Who cares about those who care for people with serious mental illnesses?

If you are someone that cares for a loved one with a mental illness know that you are not alone. The carers of those struggling are often forgotten in the recovery programme for their own personal challenges.

As the carer of a child (adult) with a diagnosis of a serious mental illness I can attest to how lonely, isolating and emotionally draining our role can be. I know this is something that many of us feel. The feeling is real.

How can we improve? How can we do more to support each other?

For us as a family, when we started to provide updates on what was happening in our own world, we were surrounded by amazing friends and family, everyone supporting and offering to help with anything they could. It was heart-warming to know so many cared, but then it got too much. 

When is too much too much?

Everyone was asking for regular updates (and still do at the time of writing over 4 years later), mostly daily, on progress and how our daughter is? We would often respond with, you will have to ask her as we do not know. It can be very overwhelming for us to try and keep everyone updated.

So what can we do to support those who we know are going through a challenging personal time supporting a loved one as a carer?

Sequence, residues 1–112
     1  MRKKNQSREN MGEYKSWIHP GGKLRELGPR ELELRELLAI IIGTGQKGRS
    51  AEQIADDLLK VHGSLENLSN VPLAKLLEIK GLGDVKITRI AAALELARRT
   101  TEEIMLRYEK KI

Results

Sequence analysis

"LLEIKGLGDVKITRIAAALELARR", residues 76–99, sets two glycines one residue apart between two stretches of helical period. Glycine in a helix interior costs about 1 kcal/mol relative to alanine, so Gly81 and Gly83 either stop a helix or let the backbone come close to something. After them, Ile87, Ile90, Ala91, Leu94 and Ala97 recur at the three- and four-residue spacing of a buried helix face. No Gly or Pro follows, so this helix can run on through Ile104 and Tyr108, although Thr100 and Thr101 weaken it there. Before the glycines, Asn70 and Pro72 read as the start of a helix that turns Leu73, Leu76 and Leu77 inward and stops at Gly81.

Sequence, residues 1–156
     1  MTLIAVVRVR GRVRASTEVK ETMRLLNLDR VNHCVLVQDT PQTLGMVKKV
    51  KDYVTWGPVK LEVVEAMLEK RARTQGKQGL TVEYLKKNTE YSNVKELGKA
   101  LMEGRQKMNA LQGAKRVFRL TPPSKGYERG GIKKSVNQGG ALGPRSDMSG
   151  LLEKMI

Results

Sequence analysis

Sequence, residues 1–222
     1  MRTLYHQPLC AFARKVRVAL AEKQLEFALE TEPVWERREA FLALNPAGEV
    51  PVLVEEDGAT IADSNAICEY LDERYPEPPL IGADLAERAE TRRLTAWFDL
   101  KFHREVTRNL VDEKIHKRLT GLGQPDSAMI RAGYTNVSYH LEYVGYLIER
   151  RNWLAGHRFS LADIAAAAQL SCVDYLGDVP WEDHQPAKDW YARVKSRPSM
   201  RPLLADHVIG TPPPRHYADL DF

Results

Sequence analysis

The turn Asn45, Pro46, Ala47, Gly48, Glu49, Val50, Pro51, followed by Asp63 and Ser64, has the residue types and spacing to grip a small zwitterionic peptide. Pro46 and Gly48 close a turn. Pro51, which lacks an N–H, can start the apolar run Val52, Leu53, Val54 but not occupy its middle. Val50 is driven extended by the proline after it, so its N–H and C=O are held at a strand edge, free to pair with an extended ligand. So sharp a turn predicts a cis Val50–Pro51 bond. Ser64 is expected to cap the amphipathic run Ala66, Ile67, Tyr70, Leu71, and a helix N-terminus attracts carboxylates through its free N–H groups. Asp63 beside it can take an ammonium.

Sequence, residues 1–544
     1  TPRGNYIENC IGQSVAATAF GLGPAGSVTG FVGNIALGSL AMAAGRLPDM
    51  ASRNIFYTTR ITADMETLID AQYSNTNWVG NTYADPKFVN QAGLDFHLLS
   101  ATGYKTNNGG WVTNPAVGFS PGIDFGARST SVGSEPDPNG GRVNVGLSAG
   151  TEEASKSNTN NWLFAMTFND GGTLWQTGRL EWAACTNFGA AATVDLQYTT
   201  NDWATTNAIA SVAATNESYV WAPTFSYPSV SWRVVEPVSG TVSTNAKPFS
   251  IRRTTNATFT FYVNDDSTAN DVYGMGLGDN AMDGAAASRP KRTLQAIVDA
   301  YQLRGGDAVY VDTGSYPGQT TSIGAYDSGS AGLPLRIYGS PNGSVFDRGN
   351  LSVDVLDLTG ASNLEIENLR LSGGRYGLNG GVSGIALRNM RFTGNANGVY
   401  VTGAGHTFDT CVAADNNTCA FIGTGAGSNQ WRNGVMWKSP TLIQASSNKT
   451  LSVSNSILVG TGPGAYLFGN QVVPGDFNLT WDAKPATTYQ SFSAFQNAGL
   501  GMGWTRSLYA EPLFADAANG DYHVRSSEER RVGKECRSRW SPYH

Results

Never try to fix the challenges – your good ideas might work for some, but unfortunately they will not work for everyone

–      Acknowledge their struggles and don’t try to minimise their feelings

–      Give enough space to enable them to work through their emotions/feelings

–      Check in with short and encouraging messages of support – telling someone you are thinking about them helps us to keep fighting (we are using our reserves of emotional energy to just keep journeying through each day)

–      Never try to fix the challenges – your good ideas might work for some, but unfortunately they often will not work for everyone – remember we are often fighting hard to access the right support already. 

So, let’s start and continue with Normal

Whilst the experience of a carer is not normal (it takes a long time to accept it is normal in our world), we crave nothing more than just trying to get on with our lives in the most normal and best way possible. It’s ok to laugh, it’s ok to enjoy life, in fact is is really important to focus on more of this. Staying healthy and well as a carer is one of the most important actions in supporting others. My best suggestion is to continue working hard on yourself, your own personal self-care, and do more of those things that help you to continue.

As a carer we are always looking for the magic fix, the solution that will give the person back their life. We want nothing more than our loved one to recover, but we are paralysed by the thought that we are unable to do anything.   Being there as a supporter is enough.

This is my perspective, you may have a different view of being a carer. It’s ok to feel or see this differently. After all we are unique and individual, and we should never try to change that.

Matthew Holman

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